730 E. Jericho Tpke., Huntington Station
AMBIENCE: Homey storefront turning out compelling Haitian dishes for dining in or takeout
ESSENTIALS: Open for lunch and dinner, Tuesday to Saturday noon to 10 p.m., Sunday 11 a.m. to 8 p.m.; parking lot, beer and wine, major credit cards accepted, wheelchair accessible; call ahead for takeout
Marie Michele Destil loves ginger so much she named her new Haitian counter-service spot Gingerbites — two words that blend into one as she says it. A root touted for its medicinal powers, aromatic ginger lends food a peppery warmth, yet it’s also refreshing.
Haitian fare is a variant of Creole cuisine influenced by African and French colonizers. Plantains, yuca, squash and breadfruit fall among oft-used ingredients, as well as leafy greens, fish, chicken and pork. Destil uses them all in her 20-or-so seat storefront. A regal woman, ageless, even, she is extra-hospitable as she kisses her palm and hastily blows a kiss to a repeat customer.
Once she’s caught up with orders, she exits the kitchen to the dining room and tells stories of Huntington parties where she cooks for her guests. Over her 20 years of living on Long Island, those experiences inspired her to open a restaurant.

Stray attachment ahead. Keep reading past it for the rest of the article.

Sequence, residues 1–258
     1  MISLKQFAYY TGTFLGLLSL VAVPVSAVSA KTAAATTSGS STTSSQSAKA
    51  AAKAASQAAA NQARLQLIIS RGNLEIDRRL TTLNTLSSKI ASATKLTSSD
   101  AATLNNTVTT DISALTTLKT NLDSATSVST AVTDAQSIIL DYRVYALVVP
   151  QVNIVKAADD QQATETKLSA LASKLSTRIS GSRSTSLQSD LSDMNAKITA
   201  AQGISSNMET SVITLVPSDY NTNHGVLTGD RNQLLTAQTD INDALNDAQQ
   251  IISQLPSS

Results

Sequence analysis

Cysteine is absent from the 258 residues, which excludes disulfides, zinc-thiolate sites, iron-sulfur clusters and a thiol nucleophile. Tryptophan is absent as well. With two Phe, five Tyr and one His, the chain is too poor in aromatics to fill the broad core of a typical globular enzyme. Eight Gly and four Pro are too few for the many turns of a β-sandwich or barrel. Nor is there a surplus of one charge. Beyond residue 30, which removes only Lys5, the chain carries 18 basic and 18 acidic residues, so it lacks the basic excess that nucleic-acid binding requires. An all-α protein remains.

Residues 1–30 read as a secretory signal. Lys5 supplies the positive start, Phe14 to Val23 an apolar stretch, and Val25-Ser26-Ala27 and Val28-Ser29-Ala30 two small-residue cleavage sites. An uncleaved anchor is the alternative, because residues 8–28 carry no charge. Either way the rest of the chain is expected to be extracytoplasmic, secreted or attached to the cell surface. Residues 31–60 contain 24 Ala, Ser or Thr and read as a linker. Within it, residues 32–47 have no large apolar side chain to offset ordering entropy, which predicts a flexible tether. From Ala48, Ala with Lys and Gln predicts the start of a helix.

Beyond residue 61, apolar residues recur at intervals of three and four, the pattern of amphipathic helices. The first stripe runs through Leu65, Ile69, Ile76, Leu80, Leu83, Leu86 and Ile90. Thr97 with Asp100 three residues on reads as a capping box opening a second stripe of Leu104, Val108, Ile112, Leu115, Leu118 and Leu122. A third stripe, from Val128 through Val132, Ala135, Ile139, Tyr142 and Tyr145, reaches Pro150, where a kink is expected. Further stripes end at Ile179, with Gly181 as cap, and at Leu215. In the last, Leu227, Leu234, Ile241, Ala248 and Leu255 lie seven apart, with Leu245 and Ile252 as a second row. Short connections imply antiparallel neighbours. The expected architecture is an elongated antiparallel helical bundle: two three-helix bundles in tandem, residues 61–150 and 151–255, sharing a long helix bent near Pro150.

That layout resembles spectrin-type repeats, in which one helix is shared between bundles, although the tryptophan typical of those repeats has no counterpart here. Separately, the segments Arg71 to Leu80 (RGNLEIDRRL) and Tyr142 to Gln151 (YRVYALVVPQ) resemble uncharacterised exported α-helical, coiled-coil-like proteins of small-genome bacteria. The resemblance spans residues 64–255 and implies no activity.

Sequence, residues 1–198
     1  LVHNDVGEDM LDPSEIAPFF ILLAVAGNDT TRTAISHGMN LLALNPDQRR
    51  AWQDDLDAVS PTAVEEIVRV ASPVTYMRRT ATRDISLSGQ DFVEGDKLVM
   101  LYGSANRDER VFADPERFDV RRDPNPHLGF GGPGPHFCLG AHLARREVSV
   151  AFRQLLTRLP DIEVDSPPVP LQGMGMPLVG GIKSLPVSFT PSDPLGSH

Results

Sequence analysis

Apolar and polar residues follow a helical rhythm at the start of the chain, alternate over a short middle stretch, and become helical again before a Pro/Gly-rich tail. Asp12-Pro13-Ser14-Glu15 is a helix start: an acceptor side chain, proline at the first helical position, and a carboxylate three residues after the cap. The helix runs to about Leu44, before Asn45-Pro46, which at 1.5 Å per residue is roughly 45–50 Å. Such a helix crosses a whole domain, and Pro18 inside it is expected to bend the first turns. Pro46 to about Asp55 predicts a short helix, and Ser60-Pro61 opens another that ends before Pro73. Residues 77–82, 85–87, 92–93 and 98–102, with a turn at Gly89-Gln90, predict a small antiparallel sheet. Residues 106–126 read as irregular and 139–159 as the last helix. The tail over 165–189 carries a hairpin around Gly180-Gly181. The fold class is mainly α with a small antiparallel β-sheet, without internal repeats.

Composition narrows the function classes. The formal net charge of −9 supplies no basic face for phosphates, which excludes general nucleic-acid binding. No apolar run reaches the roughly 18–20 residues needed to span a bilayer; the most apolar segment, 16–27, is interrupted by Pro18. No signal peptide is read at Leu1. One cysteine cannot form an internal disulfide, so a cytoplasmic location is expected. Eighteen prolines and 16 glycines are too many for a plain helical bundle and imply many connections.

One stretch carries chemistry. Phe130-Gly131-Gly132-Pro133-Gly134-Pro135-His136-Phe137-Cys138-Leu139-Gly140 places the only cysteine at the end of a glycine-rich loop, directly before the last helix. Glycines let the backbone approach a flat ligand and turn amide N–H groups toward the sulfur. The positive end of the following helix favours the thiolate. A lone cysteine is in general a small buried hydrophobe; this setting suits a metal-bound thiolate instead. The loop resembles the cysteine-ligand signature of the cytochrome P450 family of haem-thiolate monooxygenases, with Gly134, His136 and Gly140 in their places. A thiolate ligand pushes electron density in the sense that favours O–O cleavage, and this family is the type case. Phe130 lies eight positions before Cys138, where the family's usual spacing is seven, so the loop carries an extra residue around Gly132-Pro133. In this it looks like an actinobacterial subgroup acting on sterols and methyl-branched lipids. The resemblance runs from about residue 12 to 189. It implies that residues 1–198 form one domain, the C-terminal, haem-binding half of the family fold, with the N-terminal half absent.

In the center of the room, an accent wall has been transformed into an artful chalkboard, with dishes listed by their French Creole names inside a drawing of a ribbon. Folk art hangs elsewhere, and a trio of beer taps sits at the corner of a small bar that runs down the length of the room.
An unofficial national dish called griot — pronounced GREE-oh —is cubed pork marinated in an epis sauce, which is like a Haitian pesto of scallions, parsley, garlic and ginger, then fried in a skillet. Served burnished red to brown, the savory meat begs for Destil’s pickled red onions. Or better yet, pair a bite with pikliz — pronounced pick-LEES — my new favorite condiment, a brunoise of cabbage, onion, carrot and Scotch bonnet in vinegar. With acid, texture and heat, pikliz transforms an interesting dish into an addictive one. It’s a dish I’ll order as often as I visit.
But I’m ahead of myself. Start with appetizers, such as the accra croquettes made with the mashed root vegetable malanga, along with scallions and chili for this fritter’s interior. A soft plantain serves as a cup for the plantain etoufee, filled with chopped sausage, bell pepper and onions. Festival fries, a medley of sweet potatoes, yuca and breadfruit tempt the starch addict.
For an entree with more variety than griot, fritay offers a big plate of fried offerings: pork, sweet potatoes, breadfruit, plantains and sausages, also served with pikliz. Stewed conch — lambi — is also traditional. Vegetarians should order the stew, with spinach, cabbage and eggplant — listed on the menu as the legume entree.
Do not miss the humble rice and red beans. Served as a side or on the side of several entrees, it’s dirty rice, but not wet, wearing clove, garlic, parsley and thyme. There’s ginger, of course. It’s the key ingredient.